Submitted by Merck & Co., Inc.
In celebration of women’s history month, we highlight some of the women whose hard work and tenacity have inspired us and made an impact on our past, present and future.
Ann Colon – First woman to celebrate her 50th anniversary at Merck
Anna “Ann” Colon joined Merck on August 15, 1919 — about 10 days after her 14th birthday. She graduated grammar school and was looking for a job to help support her family after her father became ill. Merck was an ideal workplace for Ann – it was close to her home and had a reputation as being a good employer for young women. And it paid well: 20 cents an hour or $9 per week.
Ann started as a messenger in the packaging department, and by 1933, she became supervisor. She later served as a supervisor in the sterile products department where the company manufactured what was then a new antibiotic and the first effective treatment for tuberculosis.
In 1969, Ann became the first woman to celebrate her 50th anniversary at Merck. She retired the following year as a scheduling and cost supervisor in the dry and liquid packaging department.
Grace Winterling – Merck’s first female corporate officer
Grace Winterling began her career during World War II in the priorities department before taking on supervisory roles in the systems and procedures, organization planning and office services departments. In 1954, she became an administrative assistant in the Office of the Secretary, and in 1957, Grace was elected to assistant secretary — a role that made her the first woman to become one of Merck’s corporate officers. The distinction of a female corporate officer was so noteworthy, it made headlines in local newspapers.
After 15 years as a corporate officer, Grace was named president of the Merck Company Foundation, which continues to fund qualified, eligible nonprofit and philanthropic organizations today. Her efforts expanded the company’s contributions and explored new avenues for philanthropy. Grace retired in 1983 after spending much of her 40 years at the company in leadership positions.
Dorothy Bowers – Champion for the environment
Dorothy Bowers began working at Merck in 1974 as an engineer in the two-person environmental department. As the department grew, so did her role. In 1982, Dorothy was promoted to senior director of environmental control. Ten years later, she was promoted to a newly created position: vice president of environmental and safety policy.
Dorothy was committed to ensuring our company was a leader in protecting the environment. She spearheaded numerous processes for reducing the company’s emissions and chemical releases, making Merck a model for the industry as one of the first companies to publicly commit to pollution reductions. Dorothy said, “Merck’s commitment challenged other companies to provide the same level of self-examination, to go beyond simply meeting the requirements.”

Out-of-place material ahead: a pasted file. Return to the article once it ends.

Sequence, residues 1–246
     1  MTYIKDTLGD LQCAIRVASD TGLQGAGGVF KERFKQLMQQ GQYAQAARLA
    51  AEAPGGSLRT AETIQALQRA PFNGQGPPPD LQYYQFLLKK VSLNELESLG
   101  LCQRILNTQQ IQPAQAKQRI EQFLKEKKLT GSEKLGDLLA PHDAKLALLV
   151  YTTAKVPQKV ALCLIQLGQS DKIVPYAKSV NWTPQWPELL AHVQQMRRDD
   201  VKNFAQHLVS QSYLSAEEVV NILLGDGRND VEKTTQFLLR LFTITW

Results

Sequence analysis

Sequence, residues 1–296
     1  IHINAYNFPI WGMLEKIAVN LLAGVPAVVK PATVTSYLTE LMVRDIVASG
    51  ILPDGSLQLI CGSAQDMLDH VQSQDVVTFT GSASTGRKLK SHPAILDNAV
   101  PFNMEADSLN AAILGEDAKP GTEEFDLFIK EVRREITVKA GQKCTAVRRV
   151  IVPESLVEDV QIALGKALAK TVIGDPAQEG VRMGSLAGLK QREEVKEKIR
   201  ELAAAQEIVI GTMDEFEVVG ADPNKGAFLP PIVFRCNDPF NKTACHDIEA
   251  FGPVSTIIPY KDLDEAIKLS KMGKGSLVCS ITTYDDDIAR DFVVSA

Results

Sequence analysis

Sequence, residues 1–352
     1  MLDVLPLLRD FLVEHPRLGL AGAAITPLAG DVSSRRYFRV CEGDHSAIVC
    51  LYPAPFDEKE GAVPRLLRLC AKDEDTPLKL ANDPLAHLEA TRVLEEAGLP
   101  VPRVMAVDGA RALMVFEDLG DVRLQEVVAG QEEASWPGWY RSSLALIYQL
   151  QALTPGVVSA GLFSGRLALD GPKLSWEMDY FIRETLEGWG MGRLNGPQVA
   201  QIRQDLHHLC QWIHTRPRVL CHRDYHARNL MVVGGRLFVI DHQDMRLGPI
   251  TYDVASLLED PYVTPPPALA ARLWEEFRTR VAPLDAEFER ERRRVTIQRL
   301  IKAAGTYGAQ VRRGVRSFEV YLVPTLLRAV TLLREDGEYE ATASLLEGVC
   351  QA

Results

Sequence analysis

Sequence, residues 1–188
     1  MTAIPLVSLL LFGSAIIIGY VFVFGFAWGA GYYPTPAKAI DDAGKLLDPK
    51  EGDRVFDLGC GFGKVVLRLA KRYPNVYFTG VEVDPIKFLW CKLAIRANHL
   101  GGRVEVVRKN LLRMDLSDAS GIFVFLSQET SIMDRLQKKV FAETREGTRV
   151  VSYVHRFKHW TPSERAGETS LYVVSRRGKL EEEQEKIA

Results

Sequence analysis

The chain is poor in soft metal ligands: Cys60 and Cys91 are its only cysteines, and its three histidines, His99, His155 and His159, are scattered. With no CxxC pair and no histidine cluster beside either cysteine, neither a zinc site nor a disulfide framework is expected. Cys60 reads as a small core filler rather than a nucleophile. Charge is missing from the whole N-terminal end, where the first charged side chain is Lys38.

In 1991, Bowers received the Chairman’s Award, one of the highest honors for Merck employees, for her work on the Clean Air Amendments.
After 25 years with the company, Dorothy retired in 1999. By then, she had helped elevate environmental protection to be among Merck’s highest business priorities.
Christine Stubbs – A leader in manufacturing and diversity and inclusion
Christine “Chris” Stubbs was one of Merck’s most active employees in promoting equal opportunity. Chris, the first woman to graduate from Howard University with a degree in chemical engineering, joined Merck in 1983. By her tenth anniversary with the company, Chris led materials management at the Flint River manufacturing facility in Albany, Georgia, where she managed a staff of 31. This alone made Chris quite impressive, but it was her additional work promoting diversity that earned her the title as one of U.S. Black Engineer magazine’s 1993 Black Engineers of the Year.
While managing her large workload, Chris collaborated with her alma mater to develop curricula that strengthened the skills and marketability of minority students. She also helped to facilitate Merck’s participation in events sponsored by the National Society of Black Engineers and the National Organization for the Professional Advancement of Black Chemists and Chemical Engineers. These were just some of the many efforts that led John Zabriskie, former president of the Merck Manufacturing Division, to credit Chris for helping Merck to become “an industry leader in equal opportunity employment and development.”
The Merck Women's Network, one of Merck's 10 employee business resource groups, is marking its 25th anniversary this year. Learn more about Global Diversity and Inclusion at Merck.
Today’s Merck is a global health care leader working to help the world be well. Merck is known as MSD outside the United States and Canada. Through our prescription medicines, vaccines, biologic therapies and animal health products, we work with customers and operate in more than 140 countries to deliver innovative health solutions.
We also demonstrate our commitment to increasing access to health care through far-reaching policies, programs and partnerships.
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